Selling books is hard work


A warm cat on my lap, my favourite book in hand, a steaming mug of good coffee, on-trend music lingering in the air, the intoxicating smell of new books - this is what I imagined owning a bookstore would feel like. I was certain it would be the most comfortable job ever.

I was wrong.

At the end of an eight-hour shift at independent bookstore BooksActually, my sore feet had turned to lead. I had notched up a score of paper cuts from folding brochures and flyers and opening paper bags. And, surprise, surprise, I didn't get any reading done.

Neither did I get any affection from the store's three resident cats, who were more interested in irritating one another, scratching customers, burrowing into my bag and eating my lunch.

Last month, a group of writers and book-lovers, myself included, volunteered to run BooksActually for two days, to give its owner and founder Kenny Leck a break from the grind. Kenny and his partner, Renee, are at the bookstore 24/7 with hardly a break in-between, and we felt they deserved a good rest.

Before my assigned shift, I thought it would be helpful to learn the ropes by shadowing the store's full-time staff for an entire Saturday, one of the store's busiest days.


All the participants promptly received a long, thorough list of instructions, warning us repeatedly not to lose any of the cats and concluding with: "AS LONG AS THE CATS ARE NOT MISSING, AND THE BOOKSTORE DOES NOT CATCH FIRE, WE'RE GOOD."

I showed up at 10.01am, a minute after opening time, and there were already a handful of customers browsing in the store, which is surrounded by some of Tiong Bahru's most popular coffee joints.

I felt a nervous twinge in the pit of my stomach. While I've been an avid reader my whole life, I have zero retail experience and I'm not a particularly patient person. The day yawned ahead, packed with worries: imaginary difficult customers, possible shoplifters and disappearing cats.

My job was to assist whoever was behind the cash register - to stamp the last page of each book as proof of purchase, pack it into a paper bag (horizontally and spine down, so it doesn't wobble around too much or end up creased), throw in a couple of pamphlets for good measure (in-store discounts, membership schemes, a brochure for the Design Film Festival), tape the paper bags shut, and say "thank you, see you again!" with as much courtesy as I could muster.

I think the (very kind) staff mostly viewed me as a large, slow-moving obstruction that was holding up their packing process.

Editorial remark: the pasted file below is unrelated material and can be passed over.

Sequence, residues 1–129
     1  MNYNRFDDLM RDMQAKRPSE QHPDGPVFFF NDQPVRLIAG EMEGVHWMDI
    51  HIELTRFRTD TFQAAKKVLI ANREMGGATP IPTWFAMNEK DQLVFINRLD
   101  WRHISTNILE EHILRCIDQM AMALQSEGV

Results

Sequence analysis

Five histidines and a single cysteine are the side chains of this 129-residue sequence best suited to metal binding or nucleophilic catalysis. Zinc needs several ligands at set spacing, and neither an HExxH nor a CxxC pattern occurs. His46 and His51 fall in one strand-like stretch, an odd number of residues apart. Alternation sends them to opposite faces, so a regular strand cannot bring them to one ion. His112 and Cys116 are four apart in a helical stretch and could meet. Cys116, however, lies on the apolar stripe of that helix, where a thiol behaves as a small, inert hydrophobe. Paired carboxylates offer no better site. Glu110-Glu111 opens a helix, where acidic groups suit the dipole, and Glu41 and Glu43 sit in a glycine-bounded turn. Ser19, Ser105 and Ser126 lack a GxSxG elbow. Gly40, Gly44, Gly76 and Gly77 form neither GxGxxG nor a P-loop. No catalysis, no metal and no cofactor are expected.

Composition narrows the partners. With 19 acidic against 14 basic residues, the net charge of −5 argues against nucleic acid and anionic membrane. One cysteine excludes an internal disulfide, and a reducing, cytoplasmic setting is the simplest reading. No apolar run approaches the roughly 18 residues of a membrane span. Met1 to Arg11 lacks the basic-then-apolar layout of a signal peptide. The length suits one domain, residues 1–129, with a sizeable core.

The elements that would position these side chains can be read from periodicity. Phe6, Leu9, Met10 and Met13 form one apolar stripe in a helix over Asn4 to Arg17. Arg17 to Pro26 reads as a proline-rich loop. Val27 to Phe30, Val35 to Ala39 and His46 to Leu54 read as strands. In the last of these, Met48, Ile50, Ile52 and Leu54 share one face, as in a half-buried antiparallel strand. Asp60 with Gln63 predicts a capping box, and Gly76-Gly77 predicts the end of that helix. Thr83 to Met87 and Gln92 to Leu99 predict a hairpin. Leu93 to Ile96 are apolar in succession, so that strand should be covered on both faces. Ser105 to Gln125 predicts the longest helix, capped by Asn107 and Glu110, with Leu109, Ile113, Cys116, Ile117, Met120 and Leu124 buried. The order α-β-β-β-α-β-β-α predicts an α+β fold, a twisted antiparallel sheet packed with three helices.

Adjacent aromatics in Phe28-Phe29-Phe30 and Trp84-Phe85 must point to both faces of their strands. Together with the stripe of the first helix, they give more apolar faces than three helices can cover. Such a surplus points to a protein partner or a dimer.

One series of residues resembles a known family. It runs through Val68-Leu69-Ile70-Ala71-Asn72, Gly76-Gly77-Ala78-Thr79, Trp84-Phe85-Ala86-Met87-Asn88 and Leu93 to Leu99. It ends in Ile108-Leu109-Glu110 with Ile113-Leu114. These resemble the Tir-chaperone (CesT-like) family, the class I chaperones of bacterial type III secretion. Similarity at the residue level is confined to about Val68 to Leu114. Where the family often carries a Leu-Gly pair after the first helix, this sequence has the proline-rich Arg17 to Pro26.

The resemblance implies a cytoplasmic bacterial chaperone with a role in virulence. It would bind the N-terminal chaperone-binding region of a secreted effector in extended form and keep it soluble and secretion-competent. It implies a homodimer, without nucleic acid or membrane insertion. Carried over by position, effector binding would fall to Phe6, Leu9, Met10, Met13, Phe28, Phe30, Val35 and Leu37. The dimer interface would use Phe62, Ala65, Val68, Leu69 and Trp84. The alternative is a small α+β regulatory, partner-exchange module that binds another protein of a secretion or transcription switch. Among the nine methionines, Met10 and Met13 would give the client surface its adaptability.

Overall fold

I panicked whenever I was behind the counter alone. Someone asked me if I had a copy of a certain book.

I stared back at him, my cheeks turning pink: "Uh, I'm, uh, actually a trainee. Let me get someone else to help you."

But even if the reality of running a bookstore was nothing like the experience I'd dreamt up in my rose-tinted imagination, there were so many wonderful moments - I was a witness to so many readers and would-be readers discovering Singapore literature.

A pair of visitors from Thailand came to the cashier three times to make three separate purchases of Singapore poetry. They would buy a few books, return to the stacks, buy another one, return to the stacks and then buy a couple more.

Similarly, an American tourist first bought the latest volume of Rubbish Famzine, a magazine with a twist lovingly crafted by a Singapore family of four in limited editions, then came back after lunch to buy a few travel guides and a DVD of Anthony Chen's award-winning film Ilo Ilo (2013).

Another woman bought more than $250 worth of books in a single receipt and signed up for membership on the spot.

Then there were the two adorable Japanese tourists who came up to the counter and said in unison, "where is gat-u?" I turned around and pointed to one of the cats, Pico, sleeping behind me. They squealed (also in unison) and burst into a stream of excited Japanese, whipping out their mobile phones to take pictures, while bowing and thanking us repeatedly.

Often, it was the little things that made a difference. We had at least four different customers compliment the music that was being played over the sound system (on that day, American duo MS MR) and we minions weren't allowed to change the musical selection because it had a measurable impact on sales.

Books that were new or about to sell out were placed in strategic, prominent locations, so that a customer's wandering gaze might snag on a promising book cover.

The entire bookstore was a living, breathing creature, with limbs and emotions that fluctuated and flailed with the crowd and time of day.

As I limped home, I realised that being a bookseller for a day was like being a sort of literary weatherman, sussing out the mood of the room and reacting accordingly. Sunshine, rain, hail, haze - we were there to create an atmosphere where the written word could be best appreciated and find loving new homes.

Whether it's Books Kinokuniya or BooksActually, I know I'll always thank my booksellers next time - and maybe give them a foot massage.

A version of this article appeared in the print edition of The Sunday Times on September 20, 2015, with the headline 'Selling books is hard work'. Print Edition | Subscribe